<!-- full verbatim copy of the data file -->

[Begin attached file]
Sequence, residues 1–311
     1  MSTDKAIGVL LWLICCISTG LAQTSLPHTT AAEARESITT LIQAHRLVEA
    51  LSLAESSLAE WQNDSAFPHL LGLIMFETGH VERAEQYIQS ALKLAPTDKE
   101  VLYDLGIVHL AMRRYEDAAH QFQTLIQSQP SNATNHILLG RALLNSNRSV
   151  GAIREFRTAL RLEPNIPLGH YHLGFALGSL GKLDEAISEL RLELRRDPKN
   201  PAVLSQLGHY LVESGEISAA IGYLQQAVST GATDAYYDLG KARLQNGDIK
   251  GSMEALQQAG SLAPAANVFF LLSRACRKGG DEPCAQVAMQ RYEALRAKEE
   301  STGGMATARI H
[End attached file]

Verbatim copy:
Sequence, residues 1–311
     1  MSTDKAIGVL LWLICCISTG LAQTSLPHTT AAEARESITT LIQAHRLVEA
    51  LSLAESSLAE WQNDSAFPHL LGLIMFETGH VERAEQYIQS ALKLAPTDKE
   101  VLYDLGIVHL AMRRYEDAAH QFQTLIQSQP SNATNHILLG RALLNSNRSV
   151  GAIREFRTAL RLEPNIPLGH YHLGFALGSL GKLDEAISEL RLELRRDPKN
   201  PAVLSQLGHY LVESGEISAA IGYLQQAVST GATDAYYDLG KARLQNGDIK
   251  GSMEALQQAG SLAPAANVFF LLSRACRKGG DEPCAQVAMQ RYEALRAKEE
   301  STGGMATARI H